|Title:||Visualizing Science with Adapted Curriculum Enhancements (ACE)|
|Principal Investigator:||Arens, Sheila||Awardee:||Mid-continent Research for Education and Learning (McREL)|
|Program:||Science, Technology, Engineering, and Mathematics [Program Details]|
|Award Period:||3/1/2008 to 2/28/2011||Award Amount:||$1,489,399|
|Type:||Development and Innovation||Award Number:||R324A080096|
Purpose: Most children who are blind or visually impaired receive an education in the mainstream classroom. In science classrooms, students with significant visual impairments often have difficulty accessing the science curriculum. Most teachers have limited experience in incorporating instructional strategies that enable students with visual impairments to “observe” scientific information as presented in textual form or during a hands-on experiment. The researchers propose a professional development project to help educators better meet the needs of visually impaired students and enhance students’ learning. The purpose of this project is to provide teachers with a multi-faceted approach for engaging students with visual impairments in science classrooms to afford learning opportunities that parallel those of their sighted peers.
Project Activities: The project will recruit 24 teachers, both special education and general science, from four states and train them at two sites. Teachers must be currently teaching science to students with visual impairments and their students must be willing to participate in the study. The project involves creating professional development materials for special education and science teachers to help improve instruction and accessibility in science for students with visual impairments. The project will use a formative research plan to collect feedback and improve the professional development materials. The project will also develop tools to assess the needs of students with visual impairments in the science classroom and additional tools to assess the motivation and engagement of the students involved in the study.
Products: This project will develop the Visualizing Science with Adapted Curriculum Enhancements program for special education and science teachers, published reports, and presentations.
Setting: The development activities will occur in two sites with participant teachers and students from four states (Colorado, Pennsylvania, Ohio, and New York). Site A involves participants in Colorado and Site B involves participants in Pennsylvania, Ohio, and New York.
Population: The project will recruit and train 24 special education and science teachers in two sites who work with students with visual impairments. The project will also recruit 24 visually impaired middle and high school students from the same schools.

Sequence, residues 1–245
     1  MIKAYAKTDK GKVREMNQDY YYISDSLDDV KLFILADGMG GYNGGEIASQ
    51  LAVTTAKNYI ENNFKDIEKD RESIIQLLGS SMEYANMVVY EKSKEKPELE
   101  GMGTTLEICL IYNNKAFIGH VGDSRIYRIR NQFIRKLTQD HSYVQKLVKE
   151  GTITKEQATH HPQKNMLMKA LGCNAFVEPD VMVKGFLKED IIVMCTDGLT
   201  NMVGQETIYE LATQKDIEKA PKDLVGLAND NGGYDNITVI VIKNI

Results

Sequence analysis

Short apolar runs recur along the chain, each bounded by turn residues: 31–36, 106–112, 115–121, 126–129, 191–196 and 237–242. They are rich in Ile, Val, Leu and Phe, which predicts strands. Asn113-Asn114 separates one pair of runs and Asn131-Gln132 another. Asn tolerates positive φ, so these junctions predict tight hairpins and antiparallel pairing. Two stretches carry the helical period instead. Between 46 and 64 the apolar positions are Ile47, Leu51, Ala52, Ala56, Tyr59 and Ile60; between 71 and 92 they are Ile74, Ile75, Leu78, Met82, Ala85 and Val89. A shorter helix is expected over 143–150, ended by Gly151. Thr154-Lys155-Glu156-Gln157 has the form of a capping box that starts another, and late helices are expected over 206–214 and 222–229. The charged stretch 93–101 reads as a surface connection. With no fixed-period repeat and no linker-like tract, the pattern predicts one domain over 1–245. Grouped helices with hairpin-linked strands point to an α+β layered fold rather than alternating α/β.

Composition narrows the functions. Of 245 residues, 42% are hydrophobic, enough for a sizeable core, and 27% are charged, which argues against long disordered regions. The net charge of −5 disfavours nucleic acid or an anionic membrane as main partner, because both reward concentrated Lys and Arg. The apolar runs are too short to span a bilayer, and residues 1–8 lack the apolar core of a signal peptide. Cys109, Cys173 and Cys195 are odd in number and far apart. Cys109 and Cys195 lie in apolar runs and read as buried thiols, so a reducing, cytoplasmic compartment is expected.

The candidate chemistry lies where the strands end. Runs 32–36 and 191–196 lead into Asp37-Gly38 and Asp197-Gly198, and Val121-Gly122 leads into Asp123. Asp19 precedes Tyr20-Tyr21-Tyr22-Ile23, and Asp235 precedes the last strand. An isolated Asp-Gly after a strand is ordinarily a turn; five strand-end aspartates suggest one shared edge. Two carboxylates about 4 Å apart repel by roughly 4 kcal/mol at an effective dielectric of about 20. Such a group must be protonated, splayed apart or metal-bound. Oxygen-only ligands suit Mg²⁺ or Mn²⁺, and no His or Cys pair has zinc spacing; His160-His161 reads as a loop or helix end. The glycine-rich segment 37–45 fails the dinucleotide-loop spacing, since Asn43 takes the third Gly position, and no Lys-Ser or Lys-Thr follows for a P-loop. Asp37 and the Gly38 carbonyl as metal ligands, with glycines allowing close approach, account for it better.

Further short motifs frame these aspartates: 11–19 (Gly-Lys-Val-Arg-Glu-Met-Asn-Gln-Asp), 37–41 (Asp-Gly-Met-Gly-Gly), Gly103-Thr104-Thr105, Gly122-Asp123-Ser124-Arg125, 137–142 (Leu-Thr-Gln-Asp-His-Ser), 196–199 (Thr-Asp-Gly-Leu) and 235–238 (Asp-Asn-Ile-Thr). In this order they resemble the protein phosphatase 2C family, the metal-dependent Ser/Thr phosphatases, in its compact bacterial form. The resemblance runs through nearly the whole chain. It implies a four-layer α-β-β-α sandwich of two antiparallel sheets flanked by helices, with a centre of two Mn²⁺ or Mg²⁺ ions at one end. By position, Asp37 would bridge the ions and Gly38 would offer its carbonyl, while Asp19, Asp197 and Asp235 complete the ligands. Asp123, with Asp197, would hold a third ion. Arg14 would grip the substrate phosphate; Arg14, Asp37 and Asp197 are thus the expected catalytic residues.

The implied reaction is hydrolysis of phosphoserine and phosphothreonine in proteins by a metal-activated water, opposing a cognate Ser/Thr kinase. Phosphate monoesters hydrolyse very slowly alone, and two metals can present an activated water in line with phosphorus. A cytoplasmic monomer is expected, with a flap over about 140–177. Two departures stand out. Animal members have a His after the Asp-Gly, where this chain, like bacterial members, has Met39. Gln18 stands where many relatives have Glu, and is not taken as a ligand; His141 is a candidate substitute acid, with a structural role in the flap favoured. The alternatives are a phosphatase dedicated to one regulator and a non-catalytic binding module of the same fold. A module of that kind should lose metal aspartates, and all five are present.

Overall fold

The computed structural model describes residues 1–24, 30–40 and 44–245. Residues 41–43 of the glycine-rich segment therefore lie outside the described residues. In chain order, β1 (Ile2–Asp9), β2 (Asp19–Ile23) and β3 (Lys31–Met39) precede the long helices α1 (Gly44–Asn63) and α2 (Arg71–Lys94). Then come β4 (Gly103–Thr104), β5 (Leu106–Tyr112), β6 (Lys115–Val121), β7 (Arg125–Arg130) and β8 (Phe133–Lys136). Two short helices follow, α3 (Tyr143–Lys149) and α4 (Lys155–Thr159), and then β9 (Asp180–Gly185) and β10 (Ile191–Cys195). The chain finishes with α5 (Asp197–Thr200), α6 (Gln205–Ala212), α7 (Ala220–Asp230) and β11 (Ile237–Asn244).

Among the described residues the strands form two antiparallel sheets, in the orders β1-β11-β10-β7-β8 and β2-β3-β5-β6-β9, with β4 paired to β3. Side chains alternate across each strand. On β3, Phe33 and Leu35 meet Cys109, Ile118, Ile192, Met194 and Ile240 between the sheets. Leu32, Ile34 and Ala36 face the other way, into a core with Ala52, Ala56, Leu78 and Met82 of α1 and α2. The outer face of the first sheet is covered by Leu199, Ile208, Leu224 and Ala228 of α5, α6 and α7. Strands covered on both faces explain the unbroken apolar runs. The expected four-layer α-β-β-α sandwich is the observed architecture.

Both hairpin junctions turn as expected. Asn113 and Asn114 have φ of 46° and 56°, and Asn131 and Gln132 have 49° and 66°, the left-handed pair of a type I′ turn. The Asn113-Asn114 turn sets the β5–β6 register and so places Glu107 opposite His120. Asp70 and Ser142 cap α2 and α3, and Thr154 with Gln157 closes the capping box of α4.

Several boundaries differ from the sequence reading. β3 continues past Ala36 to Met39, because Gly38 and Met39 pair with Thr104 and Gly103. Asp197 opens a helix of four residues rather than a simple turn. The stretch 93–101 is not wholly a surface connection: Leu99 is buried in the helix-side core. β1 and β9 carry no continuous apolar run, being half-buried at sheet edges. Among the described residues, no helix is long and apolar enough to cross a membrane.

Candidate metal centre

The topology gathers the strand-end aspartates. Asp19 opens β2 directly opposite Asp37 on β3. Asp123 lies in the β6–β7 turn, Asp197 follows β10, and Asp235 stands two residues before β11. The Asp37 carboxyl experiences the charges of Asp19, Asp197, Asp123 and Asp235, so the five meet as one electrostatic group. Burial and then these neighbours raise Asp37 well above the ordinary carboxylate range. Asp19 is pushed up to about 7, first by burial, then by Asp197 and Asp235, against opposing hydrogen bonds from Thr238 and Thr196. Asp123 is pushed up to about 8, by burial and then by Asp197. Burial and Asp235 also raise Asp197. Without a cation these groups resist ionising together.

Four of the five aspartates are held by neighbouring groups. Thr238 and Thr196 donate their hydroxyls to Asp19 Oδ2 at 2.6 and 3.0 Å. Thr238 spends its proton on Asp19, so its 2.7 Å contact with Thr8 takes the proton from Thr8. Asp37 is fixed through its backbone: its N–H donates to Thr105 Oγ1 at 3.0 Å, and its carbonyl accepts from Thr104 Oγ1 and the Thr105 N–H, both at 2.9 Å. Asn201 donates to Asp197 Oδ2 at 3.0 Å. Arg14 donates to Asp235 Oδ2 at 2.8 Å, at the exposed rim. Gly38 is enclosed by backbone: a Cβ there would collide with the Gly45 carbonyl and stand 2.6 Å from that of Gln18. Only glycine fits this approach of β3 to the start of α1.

Intervention: The team is developing a professional development program to train special education and science teachers in visualization techniques that are intended to improve access to the general education science curriculum for students with visual impairments. The professional development program has three components: a set of resources to assist the teachers in learning about the spectrum of visual impairments, tools to assess the individual needs of students with visual impairments, and training in the implementation of specially designed Adapted Curriculum Enhancements science visualization techniques that include models and tactile graphics.
Research Design and Methods: The researchers will use a qualitative, two-site formative research plan to collect ongoing feedback from both participants and experts as the intervention is developed and tested in both locations.
Control Condition: There is no control condition.
Key Measures: The research team is developing a set of measures to be used by teachers to assess the needs of visually impaired students in the general education science classroom. These include a student checklist, a teacher interview protocol, a parent interview protocol, a classroom needs inventory, and a science background knowledge questionnaire. Student motivation and engagement instruments will also be developed specifically for students with visual impairments in science.
Data Analytic Strategy: The project will use data from student checklists, teacher interviews, classroom needs inventory, and a background knowledge questionnaire along with internal and external reviews to collect feedback and improve the professional development program. Researchers will examine differences between students’ pretest and posttest performance to assess changes in students’ motivation and engagement in science.
Journal article, monograph, or newsletter
Urquart, V. (2012). How one Teacher, two Students With Visual Impairments, and a Three-Year R and D Project Could Change how all Students Learn Science. Journal of the American Academy of Special Education Professionals, online: 185–196.